Disputed Data Shows Metfone has most subscribers

Metfone, the mobile telephone service provider owned by the Vietnamese military, reported having so many subscribers in November that it displaced MobiTel as the market leader in terms of customers, according to Ministry of Post and Telecommunications data.

The data were criticized within the sector as being inaccurate.

Metfone has 2.84 million or 33 percent of Cambodia’s supposed 8.58 million subscribers, compared to MobiTel, which has about 2.73 million, according to data collected by the MPTC. The subscriber data are compiled from information provided by individual companies.

MobiTel CEO David Spriggs declined to comment yesterday, while officials at Viettel, which owns Metfone, could not be reached.

While several rivals of the leading companies said they believed the subscriber data were somewhat inaccurate, they also said the figures represent the aggressiveness of Metfone, which only entered the market in February 2009.

Simon Perkins, CEO of Hello Network, which is listed third on the list with about 870,000 subscribers, said MobiTel was likely to still be on top in terms of profitability, while Metfone’s growth came from aggressive promotions that offered free minutes and SIM cards.

“Metfone is giving away a lot of freebies to get new customers, so there is not revenue,” he said.

Viettel could continue to rise in terms of coverage and active customers, but MobiTel will likely be more profitable as it has marketed toward more affluent people in the city, while Metfone has been more active in the provinces, he said.

According to the numbers, Metfone’s subscribers jumped 48 percent from 1.92 million in June.

Alan Sinfield, CEO of qb network, said the total figure of 8.58 million subscribers in Cambodia was unrealistic, even when considering people with multiple phone numbers.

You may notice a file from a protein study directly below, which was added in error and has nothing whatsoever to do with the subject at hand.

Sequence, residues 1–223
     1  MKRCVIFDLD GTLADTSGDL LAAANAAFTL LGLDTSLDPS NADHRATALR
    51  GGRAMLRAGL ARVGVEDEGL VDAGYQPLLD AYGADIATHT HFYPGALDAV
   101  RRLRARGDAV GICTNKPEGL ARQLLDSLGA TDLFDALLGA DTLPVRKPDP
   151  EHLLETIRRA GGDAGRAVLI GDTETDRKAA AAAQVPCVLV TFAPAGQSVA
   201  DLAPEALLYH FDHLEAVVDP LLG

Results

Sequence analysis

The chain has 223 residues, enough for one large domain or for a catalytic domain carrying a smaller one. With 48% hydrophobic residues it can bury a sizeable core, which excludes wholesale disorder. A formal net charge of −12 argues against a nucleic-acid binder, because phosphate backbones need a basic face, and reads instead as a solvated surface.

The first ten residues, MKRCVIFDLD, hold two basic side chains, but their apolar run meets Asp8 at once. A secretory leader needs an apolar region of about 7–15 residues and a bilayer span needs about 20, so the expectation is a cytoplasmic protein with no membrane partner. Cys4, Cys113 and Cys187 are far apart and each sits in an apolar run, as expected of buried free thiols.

“I could believe there might have been 8.5 million SIM cards at some point, but I don’t think there are 8.5 million subscribers,” said Mr Sinfield, whose company is listed eighth in subscribers with 80,000 subscribers in November.

He said it was unclear what standards other companies use, but his company only counts customers active within the past 90 days. He said some companies could be including customers active at some point in the past, but who no longer use their old SIM cards.

Sieng Sithy, deputy director of the directorate of telecommunications policy regulation, said the ministry does not require companies to follow certain standards in calculating their subscriber numbers, and the ministry had no way of verifying the company-provided data.

“It is hard to say it is accurate or not. If they cheat us, how do we know?” he asked.

The apparent change in market leadership has comes at a time of transition in the industry. Two companies, Star-Cell and SmartMobile, announced last week that they would merge, while qb has said it is interested in acquiring another companies’ infrastructure and subscribers.

MobiTel is also in final negotiations with the telecommunications giant France Telecom, which plans to buy a stake.

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